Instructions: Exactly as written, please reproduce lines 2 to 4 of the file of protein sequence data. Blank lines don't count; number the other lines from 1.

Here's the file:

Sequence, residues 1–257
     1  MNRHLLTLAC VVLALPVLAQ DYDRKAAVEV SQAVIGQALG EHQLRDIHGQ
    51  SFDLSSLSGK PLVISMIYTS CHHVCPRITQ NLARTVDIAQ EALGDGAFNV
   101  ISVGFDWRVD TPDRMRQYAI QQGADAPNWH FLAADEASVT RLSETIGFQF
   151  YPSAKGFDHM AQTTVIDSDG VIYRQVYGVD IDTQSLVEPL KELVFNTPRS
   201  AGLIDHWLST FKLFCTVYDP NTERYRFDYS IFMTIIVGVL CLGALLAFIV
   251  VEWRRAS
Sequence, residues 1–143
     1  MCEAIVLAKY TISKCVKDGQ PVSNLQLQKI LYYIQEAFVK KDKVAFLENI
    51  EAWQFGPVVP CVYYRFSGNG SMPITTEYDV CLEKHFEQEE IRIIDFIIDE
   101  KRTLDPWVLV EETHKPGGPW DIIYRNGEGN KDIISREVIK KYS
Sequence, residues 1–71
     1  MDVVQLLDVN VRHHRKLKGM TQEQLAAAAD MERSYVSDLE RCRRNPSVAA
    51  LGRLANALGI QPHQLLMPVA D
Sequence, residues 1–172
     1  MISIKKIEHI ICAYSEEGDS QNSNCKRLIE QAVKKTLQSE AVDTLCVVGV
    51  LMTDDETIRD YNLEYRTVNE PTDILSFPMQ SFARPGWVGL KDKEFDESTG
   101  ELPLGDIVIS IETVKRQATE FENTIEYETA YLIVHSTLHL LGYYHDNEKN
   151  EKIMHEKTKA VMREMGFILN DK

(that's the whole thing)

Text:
     1  MNRHLLTLAC VVLALPVLAQ DYDRKAAVEV SQAVIGQALG EHQLRDIHGQ
    51  SFDLSSLSGK PLVISMIYTS CHHVCPRITQ NLARTVDIAQ EALGDGAFNV
   101  ISVGFDWRVD TPDRMRQYAI QQGADAPNWH FLAADEASVT RLSETIGFQF